The Big Myth About Mac Computers You Need To Stop Believing

It's common to hear that you can't get a virus on a Mac computer. While Apple has gone to great lengths to ensure that Macs are extremely secure and protected from malware, any computer is susceptible to security vulnerabilities and attacks. There are always new computer viruses and malware being created, and this means it's possible they could get around safety measures at times. The misconception that Mac computers don't get viruses has led many to overlook antivirus software for their machines entirely. 

Although Apple does have sophisticated security measures, it doesn't always mean its computers are protected. Such was the case in 2012 when around 600,000 Mac computers were infected with a trojan virus, as reported by The Washington Post. This was due to an oversight in the Java software that was available for Apple computers at the time, which resulted in a vulnerability that left the Macs open to the attack. This incident took many aback who had previously believed Macs were immune to viruses, a sentiment largely caused by marketing from Apple itself. 

What can cause a Mac to get a virus?

The trojan virus that attacked Mac computers in 2012 was possible because Apple was late to patch vulnerabilities in its Java software. This kept the door open far too long for malicious activity to take place. After the attack, Apple changed its marketing on its website, editing a phrase that read "It doesn't get PC viruses" to "It's built to be safe," as Wired reported at the time. The myth that Macs don't get viruses at all remains in some circles, however.

So how does a virus like this happen? There are many ways; in fact, a virus can infect a computer no matter the operating system. Downloading software or clicking on links are two common ways viruses can be acquired. Usually, computers have antivirus software that stops viruses before they cause any real problems, but if there are weak spots in these programs, it's possible they could still get through. Because of this, it's still always a good idea to stick to safe browsing and downloading practices, no matter how secure your computer seems.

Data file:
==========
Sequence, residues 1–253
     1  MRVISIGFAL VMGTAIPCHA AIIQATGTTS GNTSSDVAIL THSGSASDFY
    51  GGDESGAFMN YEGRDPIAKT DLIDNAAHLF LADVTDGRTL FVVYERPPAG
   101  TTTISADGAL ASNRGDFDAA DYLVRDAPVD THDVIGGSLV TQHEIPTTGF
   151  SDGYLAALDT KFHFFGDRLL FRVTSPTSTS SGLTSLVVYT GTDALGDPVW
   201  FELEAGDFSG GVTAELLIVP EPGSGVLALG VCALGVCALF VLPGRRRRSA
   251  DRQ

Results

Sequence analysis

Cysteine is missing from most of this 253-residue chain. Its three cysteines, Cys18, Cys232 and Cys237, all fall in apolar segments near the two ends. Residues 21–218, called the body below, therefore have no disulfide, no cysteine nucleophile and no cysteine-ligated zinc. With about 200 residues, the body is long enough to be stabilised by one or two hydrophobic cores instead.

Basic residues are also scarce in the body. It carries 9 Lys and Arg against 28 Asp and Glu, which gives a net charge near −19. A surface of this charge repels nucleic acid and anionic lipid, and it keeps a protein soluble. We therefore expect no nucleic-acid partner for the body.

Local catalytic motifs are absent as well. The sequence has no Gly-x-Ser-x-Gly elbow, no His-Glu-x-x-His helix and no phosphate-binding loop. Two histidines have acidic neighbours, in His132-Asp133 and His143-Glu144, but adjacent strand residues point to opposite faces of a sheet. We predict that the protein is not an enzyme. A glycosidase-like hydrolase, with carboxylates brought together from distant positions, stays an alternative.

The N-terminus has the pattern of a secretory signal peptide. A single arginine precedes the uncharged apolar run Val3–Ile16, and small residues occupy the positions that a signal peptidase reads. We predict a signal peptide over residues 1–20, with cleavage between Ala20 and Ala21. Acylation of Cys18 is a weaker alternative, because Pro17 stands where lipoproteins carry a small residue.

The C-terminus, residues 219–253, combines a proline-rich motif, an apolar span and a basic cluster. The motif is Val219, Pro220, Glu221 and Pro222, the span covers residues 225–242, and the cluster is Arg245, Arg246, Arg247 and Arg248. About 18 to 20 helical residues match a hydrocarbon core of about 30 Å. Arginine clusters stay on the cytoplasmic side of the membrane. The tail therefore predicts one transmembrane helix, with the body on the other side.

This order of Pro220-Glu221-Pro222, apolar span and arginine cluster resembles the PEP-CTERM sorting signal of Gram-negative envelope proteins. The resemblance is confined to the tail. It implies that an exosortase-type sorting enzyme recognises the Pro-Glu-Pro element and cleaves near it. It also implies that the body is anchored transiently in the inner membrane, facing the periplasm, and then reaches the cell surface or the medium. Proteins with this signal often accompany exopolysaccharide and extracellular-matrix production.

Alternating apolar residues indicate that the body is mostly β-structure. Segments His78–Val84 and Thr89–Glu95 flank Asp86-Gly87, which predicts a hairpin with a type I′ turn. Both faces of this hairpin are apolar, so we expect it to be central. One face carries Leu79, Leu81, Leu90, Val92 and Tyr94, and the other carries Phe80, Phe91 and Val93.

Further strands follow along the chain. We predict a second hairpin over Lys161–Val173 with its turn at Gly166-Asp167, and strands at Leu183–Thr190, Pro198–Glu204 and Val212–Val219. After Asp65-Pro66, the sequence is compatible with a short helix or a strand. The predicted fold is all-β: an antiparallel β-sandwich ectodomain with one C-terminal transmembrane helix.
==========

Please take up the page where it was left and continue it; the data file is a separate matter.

How to protect your Mac from viruses

If you have a Mac of your own and have been under the impression they can't get viruses, the best thing to do is reframe that thought and know Macs can be as susceptible as any other computer. With that in mind, you'll want to browse the internet safely, as well as only download software from sources you trust. Clicking on fishy-sounding links can also be a potential gateway to a virus. E-mail is one place you'll typically find links like these, usually popping up in your Spam or Junk folder. A good rule of thumb is that if the message is from someone you don't know and sounds too good to be true, don't click on it. 

As far as downloading software goes, make sure you're getting it from a reputable source, namely Apple's Mac App Store. If you're seeing lots of ads and are unsure of where to click to download something while using a site, it's a good indicator that you may potentially download a virus. Be careful when entering information as well, and do so only on sites where you can see an HTTPS certificate (usually denoted as a lock) in the URL field. These are all practices that should be done on any computer, and Macs are certainly included.